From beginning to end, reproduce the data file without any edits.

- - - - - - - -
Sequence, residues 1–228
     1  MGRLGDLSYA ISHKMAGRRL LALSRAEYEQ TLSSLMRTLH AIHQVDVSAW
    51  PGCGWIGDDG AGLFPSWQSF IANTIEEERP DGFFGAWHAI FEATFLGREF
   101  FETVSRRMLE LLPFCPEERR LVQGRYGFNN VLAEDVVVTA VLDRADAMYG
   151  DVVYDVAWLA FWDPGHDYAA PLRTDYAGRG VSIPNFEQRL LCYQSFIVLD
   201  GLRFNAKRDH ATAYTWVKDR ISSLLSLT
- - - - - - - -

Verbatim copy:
Sequence, residues 1–228
     1  MGRLGDLSYA ISHKMAGRRL LALSRAEYEQ TLSSLMRTLH AIHQVDVSAW
    51  PGCGWIGDDG AGLFPSWQSF IANTIEEERP DGFFGAWHAI FEATFLGREF
   101  FETVSRRMLE LLPFCPEERR LVQGRYGFNN VLAEDVVVTA VLDRADAMYG
   151  DVVYDVAWLA FWDPGHDYAA PLRTDYAGRG VSIPNFEQRL LCYQSFIVLD
   201  GLRFNAKRDH ATAYTWVKDR ISSLLSLT